As Syria’s armed conflict continues for the last five years, the death toll has escalated beyond count. As the horrors unfold, everyday the situation gets worse in Aleppo, the largest city of Syria. The number of people trapped in Aleppo’s rebel-held eastern districts includes nearly 300,000 people – a 100,000 of them children.
Aleppo is a pocket of resistance, some eight miles long and three miles wide that civil defense workers said has been hit by 1,900 bombs in the past week. The campaign has wreaked destruction on hospitals, clinics, residential buildings, water stations and electric generators.
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At least 96 children are among the 320 people killed in Aleppo since a cease-fire collapsed on September 19, according to UNICEF. This results as Syrian and Russian warplanes barrage the city’s eastern opposition neighborhoods, trying to crush more than five years of resistance there. According to the World Health Organization, almost a third of the 840 people wounded over the same period are children.
“Aleppo is one of the most dangerous places in the world, and in the last week it has become perhaps the most dangerous place in the world for children,” Juliette Touma, regional chief of communications for the UN children’s agency told The Associated Press.
AirSrtikes Targets Militants points Eastern Aleppo pic.twitter.com/MesoKuJtMr
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As reported by The Associated Press, parents have been desperately struggling to keep their families safe fearing the threat of an imminent ground offensive. They have little hope for the future, with no regular schooling and little access to nutritious food. Wounded, screaming children, covered in dust and being pulled out of rubble, have become a daily reality in Aleppo.
Wounded children are often left untreated, sometimes to die, in Aleppo’s overwhelmed hospitals. Only 30 doctors remain in opposition-held neighborhoods: One physician for every 10,000 people, compared to a peacetime standard of one for every 1,000, Touma said. “It is very difficult to know how many (children) are traumatized, but one would imagine every single one is impacted by the horrors, especially with the intensification of the violence in the past week,” she said.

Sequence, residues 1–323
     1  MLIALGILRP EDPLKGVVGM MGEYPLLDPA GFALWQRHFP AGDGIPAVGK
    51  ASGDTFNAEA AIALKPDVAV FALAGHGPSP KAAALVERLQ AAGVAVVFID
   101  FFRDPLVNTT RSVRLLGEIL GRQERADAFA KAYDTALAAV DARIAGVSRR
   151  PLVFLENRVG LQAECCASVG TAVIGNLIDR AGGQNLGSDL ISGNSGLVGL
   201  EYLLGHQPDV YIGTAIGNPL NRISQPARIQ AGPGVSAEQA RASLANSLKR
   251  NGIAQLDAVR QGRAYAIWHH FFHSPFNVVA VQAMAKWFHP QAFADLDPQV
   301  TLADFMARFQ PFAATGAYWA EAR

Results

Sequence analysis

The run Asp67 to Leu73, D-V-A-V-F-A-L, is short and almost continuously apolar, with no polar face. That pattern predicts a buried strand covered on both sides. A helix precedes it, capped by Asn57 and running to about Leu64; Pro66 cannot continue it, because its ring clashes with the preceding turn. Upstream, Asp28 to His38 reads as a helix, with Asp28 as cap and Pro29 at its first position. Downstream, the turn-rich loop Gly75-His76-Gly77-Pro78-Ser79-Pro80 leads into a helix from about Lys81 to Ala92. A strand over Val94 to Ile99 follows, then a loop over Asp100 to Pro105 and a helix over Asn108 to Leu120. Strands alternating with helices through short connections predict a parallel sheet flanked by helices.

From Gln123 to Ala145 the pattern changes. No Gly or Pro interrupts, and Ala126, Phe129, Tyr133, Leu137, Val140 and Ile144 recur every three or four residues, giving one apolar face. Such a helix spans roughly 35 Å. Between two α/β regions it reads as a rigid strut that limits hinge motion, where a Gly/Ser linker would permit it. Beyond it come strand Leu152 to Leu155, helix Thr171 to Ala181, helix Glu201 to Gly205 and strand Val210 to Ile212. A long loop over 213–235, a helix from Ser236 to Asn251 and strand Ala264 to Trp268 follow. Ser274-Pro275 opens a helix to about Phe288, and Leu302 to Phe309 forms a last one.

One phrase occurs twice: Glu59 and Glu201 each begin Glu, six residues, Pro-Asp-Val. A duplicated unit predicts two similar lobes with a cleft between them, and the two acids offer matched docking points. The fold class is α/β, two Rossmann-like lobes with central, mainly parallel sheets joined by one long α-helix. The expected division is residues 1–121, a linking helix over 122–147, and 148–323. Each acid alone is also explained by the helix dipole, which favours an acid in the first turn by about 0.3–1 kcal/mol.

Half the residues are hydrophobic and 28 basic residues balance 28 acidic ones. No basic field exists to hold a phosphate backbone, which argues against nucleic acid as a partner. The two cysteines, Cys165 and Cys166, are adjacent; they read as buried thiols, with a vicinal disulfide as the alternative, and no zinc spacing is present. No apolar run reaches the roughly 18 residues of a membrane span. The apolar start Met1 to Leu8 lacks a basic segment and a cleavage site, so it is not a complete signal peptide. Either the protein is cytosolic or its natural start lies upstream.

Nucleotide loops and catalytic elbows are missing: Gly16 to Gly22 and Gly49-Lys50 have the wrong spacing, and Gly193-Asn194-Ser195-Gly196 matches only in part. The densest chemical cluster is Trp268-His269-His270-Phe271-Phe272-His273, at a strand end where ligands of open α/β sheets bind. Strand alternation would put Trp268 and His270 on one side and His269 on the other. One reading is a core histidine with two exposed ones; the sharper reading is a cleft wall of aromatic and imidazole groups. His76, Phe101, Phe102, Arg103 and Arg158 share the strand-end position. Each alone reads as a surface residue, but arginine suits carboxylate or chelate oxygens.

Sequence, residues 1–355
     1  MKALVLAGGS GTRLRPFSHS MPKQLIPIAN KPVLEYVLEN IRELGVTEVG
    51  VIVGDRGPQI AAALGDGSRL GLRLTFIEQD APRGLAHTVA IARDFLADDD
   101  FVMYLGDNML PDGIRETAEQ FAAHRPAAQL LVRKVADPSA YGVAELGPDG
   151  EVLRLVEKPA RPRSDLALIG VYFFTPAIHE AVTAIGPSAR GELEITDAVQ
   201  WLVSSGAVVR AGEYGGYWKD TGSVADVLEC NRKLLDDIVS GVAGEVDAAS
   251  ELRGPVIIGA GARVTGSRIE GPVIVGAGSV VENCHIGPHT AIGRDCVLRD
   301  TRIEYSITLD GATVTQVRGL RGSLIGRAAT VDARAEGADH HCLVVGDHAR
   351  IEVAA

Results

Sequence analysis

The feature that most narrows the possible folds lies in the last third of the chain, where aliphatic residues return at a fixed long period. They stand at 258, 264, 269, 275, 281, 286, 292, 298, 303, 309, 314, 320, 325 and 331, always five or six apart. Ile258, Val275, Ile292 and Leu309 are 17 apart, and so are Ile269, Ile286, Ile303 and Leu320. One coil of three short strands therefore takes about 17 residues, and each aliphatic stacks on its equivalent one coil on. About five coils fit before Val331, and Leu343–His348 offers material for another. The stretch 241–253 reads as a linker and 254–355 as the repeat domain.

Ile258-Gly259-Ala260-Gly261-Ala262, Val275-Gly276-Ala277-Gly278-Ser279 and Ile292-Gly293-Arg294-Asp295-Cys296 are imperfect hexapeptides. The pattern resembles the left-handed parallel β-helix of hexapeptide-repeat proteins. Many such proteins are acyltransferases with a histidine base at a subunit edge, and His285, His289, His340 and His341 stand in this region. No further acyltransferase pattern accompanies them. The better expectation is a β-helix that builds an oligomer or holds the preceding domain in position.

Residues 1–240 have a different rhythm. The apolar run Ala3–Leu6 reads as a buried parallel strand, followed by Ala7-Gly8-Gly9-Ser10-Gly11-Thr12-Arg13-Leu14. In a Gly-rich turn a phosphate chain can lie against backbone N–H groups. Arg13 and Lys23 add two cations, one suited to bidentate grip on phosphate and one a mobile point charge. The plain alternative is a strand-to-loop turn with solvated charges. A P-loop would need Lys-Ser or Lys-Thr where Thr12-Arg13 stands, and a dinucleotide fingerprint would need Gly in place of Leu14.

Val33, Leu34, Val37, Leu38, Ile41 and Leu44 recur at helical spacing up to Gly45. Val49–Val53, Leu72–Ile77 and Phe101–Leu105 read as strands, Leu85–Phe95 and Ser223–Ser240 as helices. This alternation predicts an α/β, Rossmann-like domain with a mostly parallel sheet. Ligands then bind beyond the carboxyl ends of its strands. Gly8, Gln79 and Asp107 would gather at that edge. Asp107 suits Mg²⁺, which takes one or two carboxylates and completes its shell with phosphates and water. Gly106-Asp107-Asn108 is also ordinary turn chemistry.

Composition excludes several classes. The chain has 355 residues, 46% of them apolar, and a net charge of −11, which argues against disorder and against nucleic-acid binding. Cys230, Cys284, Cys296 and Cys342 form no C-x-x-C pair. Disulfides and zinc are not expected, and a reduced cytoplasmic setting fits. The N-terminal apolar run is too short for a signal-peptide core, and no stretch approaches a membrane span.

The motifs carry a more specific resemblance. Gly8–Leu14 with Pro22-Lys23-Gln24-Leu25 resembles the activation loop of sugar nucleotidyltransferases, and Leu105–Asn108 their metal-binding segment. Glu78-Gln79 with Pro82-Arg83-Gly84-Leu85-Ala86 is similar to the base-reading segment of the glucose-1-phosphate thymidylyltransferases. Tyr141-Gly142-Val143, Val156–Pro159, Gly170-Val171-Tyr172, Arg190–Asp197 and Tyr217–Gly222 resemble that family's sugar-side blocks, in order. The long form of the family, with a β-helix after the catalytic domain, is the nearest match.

So-called bunker-busting bombs, designed to target underground structures, have been widely used, possibly to crush tunnels or bunkers used as refuge by the thousands of rebel fighters defending the districts. But the powerful bombs also threaten the underground shelters where civilians take refuge and where children go to school. For the past several years, most classes have been held in basements because of the constant fighting and threat of airstrikes.
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“The use of bunker-busting bombs means there is literally nowhere we can keep children safe, ” said Nick Finney of Save the Children, which runs 13 schools in eastern Aleppo, eight of them held underground. “We’re now more likely to see children being pulled from the rubble or treated on the floor of a hospital than sitting at a school desk.”
When schools opened across the country this month, they remained closed in eastern Aleppo because of the danger, said Brita Haj, the head of the local council in the rebel-held part of the city. Medics say the death toll among children and other residents may be far higher than reported, since some families bury their dead without taking them to hospitals or morgues, and many victims remain buried in the rubble.
Dr Hatem, a pediatrician, said women and children make up a large percentage of the victims because they are the ones who stay at home. As one of two pediatricians in besieged Aleppo, Hatem said he had an enormous load even before the last week’s intensification of fighting, treating 80 to 120 children a day.
Watch the dramatic rescue of a little girl from the rubble of a building in Aleppo destroyed in an airstrike http://t.co/SwmlNMhXdz
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Now he’s seeing a spike in wounded children in intensive care, from four or five a month to four or five a day. There is also a rise in aggressive behavior among children and various signs of trauma such as bed-wetting or losing the ability to walk or talk, said Hatem, who gave only his last name out of security fears.
A Syrian opposition monitoring group that tracks Syria’s civil war said a year of Russian airstrikes have killed 9,364 people in the war-torn country. The Britain-based Syrian Observatory for Human Rights said the dead include 3,804 civilians, among them 906 children. The dead also include 2,746 members of the Islamic State group and 2,814 from other rebel and militant groups, including al-Qaida’s affiliate in Syria.
– With inputs from Associated Press